Harper government is abandoning leadership in health care

Posted on April 19, 2013 in Health Policy Context

TheStar.com – opinion/editorials – The federal government has effectively abdicated its essential role in shaping the direction of our health system.
Apr 19 2013. Editorial

The death by federal defunding of the Health Council of Canada is being widely mourned, but in truth the body had nothing to live for.

Established in 2003, the council was given its eventual raison d’etre the following year: to monitor the implementation of the 10-year, $41-billion health accord that then-prime minister Paul Martin negotiated with the provinces. Next year, that accord will expire and the federal government has given no indication a new one will be sought. And in the absence of such an agreement, there really wouldn’t be much for the council to do.

Killing it makes good sense in this context – after all, the government will save $6.5 million a year by doing so. It’s the context that’s cause for concern.

The federal government has effectively abdicated any role in shaping the direction of our health system. It vowed to continue to increase funding to the provinces, but without even trying to put conditions on those payments. And it determined the new funding formula unilaterally, without any consultation with the provinces. It certainly did not lead the development of a national pharmacare strategy, as the 2004 accord mandated. All of this is a reflection of Stephen Harper’s oft-expressed view that the federal government has no part to play in the provincial jurisdiction of health-care policy.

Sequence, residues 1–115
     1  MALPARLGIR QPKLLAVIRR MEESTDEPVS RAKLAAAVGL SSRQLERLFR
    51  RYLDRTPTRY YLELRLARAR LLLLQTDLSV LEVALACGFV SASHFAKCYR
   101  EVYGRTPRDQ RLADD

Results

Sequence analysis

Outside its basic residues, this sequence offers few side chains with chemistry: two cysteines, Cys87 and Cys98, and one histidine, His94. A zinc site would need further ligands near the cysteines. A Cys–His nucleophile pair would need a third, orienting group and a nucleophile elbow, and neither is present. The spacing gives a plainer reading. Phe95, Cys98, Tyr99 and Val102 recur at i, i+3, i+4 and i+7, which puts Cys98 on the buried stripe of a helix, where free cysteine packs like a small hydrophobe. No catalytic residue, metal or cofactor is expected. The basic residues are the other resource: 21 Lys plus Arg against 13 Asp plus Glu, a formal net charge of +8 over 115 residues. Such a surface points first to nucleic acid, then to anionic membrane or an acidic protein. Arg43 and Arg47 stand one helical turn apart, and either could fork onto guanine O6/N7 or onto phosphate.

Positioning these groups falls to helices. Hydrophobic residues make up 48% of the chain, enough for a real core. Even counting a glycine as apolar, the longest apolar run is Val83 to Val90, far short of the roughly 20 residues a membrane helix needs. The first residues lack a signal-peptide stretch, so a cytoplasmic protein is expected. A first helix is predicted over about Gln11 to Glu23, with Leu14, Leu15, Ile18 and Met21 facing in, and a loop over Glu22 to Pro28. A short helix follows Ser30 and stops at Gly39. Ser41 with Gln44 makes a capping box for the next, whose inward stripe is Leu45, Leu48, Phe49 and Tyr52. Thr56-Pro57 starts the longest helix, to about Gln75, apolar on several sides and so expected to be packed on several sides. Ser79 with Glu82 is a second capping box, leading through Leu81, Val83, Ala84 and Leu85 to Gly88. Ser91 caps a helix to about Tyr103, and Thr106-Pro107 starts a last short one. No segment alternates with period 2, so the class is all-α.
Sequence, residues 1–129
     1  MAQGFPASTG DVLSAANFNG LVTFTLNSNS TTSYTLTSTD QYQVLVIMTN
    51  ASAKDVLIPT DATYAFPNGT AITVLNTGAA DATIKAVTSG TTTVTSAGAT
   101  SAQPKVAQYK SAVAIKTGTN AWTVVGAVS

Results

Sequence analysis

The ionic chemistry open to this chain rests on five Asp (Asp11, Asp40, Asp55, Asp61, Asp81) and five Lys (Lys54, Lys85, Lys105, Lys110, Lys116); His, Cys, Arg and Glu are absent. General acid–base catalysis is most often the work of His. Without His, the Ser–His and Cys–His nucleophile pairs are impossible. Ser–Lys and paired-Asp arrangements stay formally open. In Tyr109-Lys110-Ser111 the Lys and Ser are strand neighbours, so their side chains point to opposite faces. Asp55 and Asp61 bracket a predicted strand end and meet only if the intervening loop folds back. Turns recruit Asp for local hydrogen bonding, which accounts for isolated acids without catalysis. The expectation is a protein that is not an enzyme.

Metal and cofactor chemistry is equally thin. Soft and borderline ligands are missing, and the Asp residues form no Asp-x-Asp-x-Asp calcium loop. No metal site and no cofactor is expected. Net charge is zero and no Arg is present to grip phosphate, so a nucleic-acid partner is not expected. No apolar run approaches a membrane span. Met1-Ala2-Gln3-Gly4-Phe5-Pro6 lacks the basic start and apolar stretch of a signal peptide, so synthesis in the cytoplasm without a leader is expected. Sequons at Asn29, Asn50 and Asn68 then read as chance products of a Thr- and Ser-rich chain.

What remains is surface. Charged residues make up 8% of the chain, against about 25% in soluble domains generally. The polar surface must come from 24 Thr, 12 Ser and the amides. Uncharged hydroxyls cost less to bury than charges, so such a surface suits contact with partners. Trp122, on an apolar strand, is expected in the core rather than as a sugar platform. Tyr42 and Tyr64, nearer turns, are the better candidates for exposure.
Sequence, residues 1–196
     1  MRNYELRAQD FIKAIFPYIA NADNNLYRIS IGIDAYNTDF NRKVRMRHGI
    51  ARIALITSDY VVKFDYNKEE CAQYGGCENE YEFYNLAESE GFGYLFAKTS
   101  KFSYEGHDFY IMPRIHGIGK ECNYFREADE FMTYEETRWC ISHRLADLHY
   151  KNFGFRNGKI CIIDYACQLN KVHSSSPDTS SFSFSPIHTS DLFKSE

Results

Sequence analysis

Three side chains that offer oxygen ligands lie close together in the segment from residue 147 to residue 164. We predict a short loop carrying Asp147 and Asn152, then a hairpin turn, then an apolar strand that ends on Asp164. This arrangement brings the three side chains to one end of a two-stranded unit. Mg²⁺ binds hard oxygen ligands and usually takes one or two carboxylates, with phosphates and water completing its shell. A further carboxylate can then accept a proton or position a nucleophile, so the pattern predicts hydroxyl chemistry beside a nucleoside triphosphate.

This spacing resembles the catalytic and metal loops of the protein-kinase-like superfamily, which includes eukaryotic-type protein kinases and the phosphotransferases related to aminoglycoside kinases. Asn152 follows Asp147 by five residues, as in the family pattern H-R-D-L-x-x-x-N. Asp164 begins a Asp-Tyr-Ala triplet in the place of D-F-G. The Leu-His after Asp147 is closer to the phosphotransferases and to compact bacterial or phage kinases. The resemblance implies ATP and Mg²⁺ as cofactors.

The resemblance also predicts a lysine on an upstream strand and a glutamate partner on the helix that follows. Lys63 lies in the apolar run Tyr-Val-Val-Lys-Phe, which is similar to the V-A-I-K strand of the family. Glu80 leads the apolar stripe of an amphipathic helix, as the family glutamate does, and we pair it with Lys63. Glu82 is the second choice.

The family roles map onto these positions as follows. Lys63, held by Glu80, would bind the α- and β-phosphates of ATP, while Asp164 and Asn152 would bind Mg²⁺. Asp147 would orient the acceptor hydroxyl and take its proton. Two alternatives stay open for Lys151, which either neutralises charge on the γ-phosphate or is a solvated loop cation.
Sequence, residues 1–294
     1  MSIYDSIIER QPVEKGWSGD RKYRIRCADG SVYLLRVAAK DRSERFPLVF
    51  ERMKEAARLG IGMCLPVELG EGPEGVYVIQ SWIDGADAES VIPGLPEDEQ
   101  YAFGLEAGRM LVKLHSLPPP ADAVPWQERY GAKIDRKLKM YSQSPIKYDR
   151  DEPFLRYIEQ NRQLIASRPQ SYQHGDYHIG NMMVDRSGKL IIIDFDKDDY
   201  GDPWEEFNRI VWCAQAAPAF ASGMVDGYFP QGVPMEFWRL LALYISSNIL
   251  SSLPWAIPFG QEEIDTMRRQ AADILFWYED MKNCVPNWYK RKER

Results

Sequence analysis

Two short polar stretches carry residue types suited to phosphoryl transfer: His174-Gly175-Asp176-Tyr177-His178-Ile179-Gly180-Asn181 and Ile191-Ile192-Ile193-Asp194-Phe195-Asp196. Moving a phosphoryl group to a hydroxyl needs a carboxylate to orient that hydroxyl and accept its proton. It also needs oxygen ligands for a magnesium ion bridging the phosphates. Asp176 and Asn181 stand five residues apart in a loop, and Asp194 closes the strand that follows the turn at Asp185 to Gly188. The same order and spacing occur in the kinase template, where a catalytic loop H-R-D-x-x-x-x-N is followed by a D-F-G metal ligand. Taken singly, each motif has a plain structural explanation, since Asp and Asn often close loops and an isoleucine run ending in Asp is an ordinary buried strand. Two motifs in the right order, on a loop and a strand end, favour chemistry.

Except that view is wrong. The federal government is the fifth-largest health-care provider in the country, delivering services to more than a million people, including aboriginals living on reserves, members of the Canadian Forces and federal prison inmates, among others. Moreover, only the federal government, by attaching strings to transfer payments, can secure pan-Canadian standards and thus ensure that provinces aren’t pitted against each other. Otherwise, any jurisdiction that might choose to aggressively privatize, for instance, would inevitably suck talent from the rest of the country.

Most important, If we believe that some things – say, universal access to quality health care – are so fundamental to citizenship that they should be guaranteed for all Canadians, wherever in the country they may be, who will see to it if not the federal government? As Roy Romanow has warned, for the federal government “to say, ‘Goodbye and good luck’ could be the beginning of the end of a reformed modern-day functioning health-care system.” A national medicare system cannot work with an empty chair at the head of the first ministers’ table.

The Health Council of Canada may not have had the mandate or the resources to deliver on its founding idea. But as the strain on the system continues to increase and the challenges become more complex, that idea – that information-sharing, cooperation, and national standards are key to successful health care – is more important than ever.

It’s the death in Ottawa of that concept, more than of the council itself, that should be mourned.

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